Difference between revisions of "Equinox/p2/Helios Migration Guide"
(Added a bit about DS setup to get the Agent of a currently running system)
|Line 86:||Line 86:|
Latest revision as of 14:30, 21 June 2010
In the Helios release p2 graduated much of its provisional API into stable, real API. This page provides some guidance to users of the old provisional p2 API on how to migrate to the mature API in the Helios release.
- 1 Pervasive changes
- 2 Metadata changes
- 3 Query changes
- 4 Engine changes
Switch from global OSGi services to agent-specific services
In the Ganymede and Galileo releases, p2 services were registered as global OSGi services. This style made it difficult to support multiple instances of p2 services operating in the same framework instance at the same time. The p2 API now uses an approach where services are obtained from a provisioning agent instance rather than directly from the OSGi registry. This means code like this:
ServiceReference ref = bundleContext.getServiceReference(IEngine.class.getName()); IEngine engine = (IEngine)bundleContext.getService(ref);
Is now replaced by code like this:
IProvisioningAgent agent = ...;//get the agent you want to work with IEngine engine = (IEngine) agent.getService(IEngine.SERVICE_NAME);
For details on how to obtain an agent, see the Multiple Agents documentation.
Default Agent and Declarative Services
IProvisioningAgent and related services for the currently running system (see Multiple Agents) are registered with declarative services (DS). If you want to take advantage of these (and not register them yourself), you must include the declarative services bundle (org.eclipse.equinox.ds) in your target platform and make sure it activates.
IRequiredCapability was limiting in what it could express. For example it could not express negation and or'ing, and it could only described dependencies on something that had a namespace, a name and a version and we are striving to express requirements and capabilities on other things (for example BundleExecutionEnvironment). As such, to ensure for API evolution we have turned the too specific IRequiredCapability into an IRequirement.
IInstallableUnit use to have constants allowing for the identification of groups, categories and the like. These constants were either used to query for a given kind of element in a repository or identify the kind of a given element. The constants have been removed from the API to the benefit of pre-canned queries and helper methods (e.g GroupQuery and CategoryQuery)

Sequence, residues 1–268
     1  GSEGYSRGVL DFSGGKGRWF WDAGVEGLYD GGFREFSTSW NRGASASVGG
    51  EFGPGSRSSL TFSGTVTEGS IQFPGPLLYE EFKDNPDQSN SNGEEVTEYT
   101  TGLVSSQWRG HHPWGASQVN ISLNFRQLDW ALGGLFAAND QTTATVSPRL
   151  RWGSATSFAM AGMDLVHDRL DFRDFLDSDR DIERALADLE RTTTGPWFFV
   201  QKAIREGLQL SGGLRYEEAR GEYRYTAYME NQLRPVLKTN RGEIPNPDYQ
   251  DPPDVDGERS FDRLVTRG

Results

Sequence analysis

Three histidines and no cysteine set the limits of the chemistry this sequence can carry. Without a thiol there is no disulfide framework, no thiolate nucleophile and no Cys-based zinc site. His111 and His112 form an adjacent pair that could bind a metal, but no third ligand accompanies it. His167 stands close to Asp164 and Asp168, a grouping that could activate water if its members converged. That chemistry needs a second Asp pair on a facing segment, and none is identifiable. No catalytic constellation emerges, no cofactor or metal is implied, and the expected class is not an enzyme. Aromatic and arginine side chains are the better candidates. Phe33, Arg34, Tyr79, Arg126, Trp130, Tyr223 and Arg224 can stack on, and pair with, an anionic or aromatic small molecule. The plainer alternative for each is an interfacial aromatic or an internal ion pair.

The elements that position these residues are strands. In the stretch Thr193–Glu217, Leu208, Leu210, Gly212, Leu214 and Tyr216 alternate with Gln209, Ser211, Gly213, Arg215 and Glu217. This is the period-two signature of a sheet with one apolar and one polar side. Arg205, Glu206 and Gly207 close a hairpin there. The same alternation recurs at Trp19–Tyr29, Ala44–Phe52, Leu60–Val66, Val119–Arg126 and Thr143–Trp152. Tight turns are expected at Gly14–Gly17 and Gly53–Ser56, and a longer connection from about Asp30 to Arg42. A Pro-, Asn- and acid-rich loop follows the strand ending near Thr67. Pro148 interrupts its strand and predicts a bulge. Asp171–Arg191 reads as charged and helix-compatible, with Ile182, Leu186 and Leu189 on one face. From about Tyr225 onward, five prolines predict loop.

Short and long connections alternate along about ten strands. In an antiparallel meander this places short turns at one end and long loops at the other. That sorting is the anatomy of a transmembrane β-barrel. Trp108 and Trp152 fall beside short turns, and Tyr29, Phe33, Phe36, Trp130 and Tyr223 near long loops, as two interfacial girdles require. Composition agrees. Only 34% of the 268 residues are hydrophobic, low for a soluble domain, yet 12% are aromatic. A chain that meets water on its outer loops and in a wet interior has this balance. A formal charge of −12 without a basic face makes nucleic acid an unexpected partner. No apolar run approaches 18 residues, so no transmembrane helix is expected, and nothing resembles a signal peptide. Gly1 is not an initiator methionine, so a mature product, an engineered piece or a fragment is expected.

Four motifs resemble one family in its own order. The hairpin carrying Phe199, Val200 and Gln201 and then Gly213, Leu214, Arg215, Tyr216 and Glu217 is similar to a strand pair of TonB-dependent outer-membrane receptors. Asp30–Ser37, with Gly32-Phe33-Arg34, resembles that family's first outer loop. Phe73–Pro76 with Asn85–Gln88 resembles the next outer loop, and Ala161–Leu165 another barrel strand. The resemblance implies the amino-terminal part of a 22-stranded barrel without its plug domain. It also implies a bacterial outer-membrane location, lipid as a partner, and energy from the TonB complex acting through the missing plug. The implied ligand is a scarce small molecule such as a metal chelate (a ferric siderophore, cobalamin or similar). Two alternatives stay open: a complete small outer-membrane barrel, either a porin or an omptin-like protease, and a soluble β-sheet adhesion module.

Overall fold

CapabilityQuery from the provisional API has been deleted in favor of expressions. Thus the former:
IRequiredCapability cap = ...; new CapabilityQuery(cap);
Can be written as:
IRequirement cap = ...; new ExpressionQuery(IInstallableUnit.class, cap.getMatches());
Or, using Java 5 generics:
IRequirement cap = ...; new ExpressionQuery<IInstallableUnit>(IInstallableUnit.class, cap.getMatches());
This class has been replaced by factory methods on the QueryUtil class. See QueryUtil#createIUQuery(...).
There is currently no direct API replacement for IUPropertyQuery, but the equivalent query can be performed using an expression query:
new ExpressionQuery<IInstallableUnit>(IInstallableUnit.class, ExpressionUtil.parse("properties[$0] == $1"), "foo", "true");
The above will match all IInstallableUnits with a "foo" property whose value is "true".
The previous provisional engine API required the client to construct Operand instances to be passed into the engine. Rather than constructing operands, the client now constructs a plan object that is passed into the engine. For example, a client that previously created an InstallableUnitOperand and passed it to IEngine#perform would now do the following:
IEngine engine = ...; IProvisioningPlan plan = engine.createPlan(profile, context); plan.addInstallableUnit(someIU); engine.perform(plan, phases, monitor);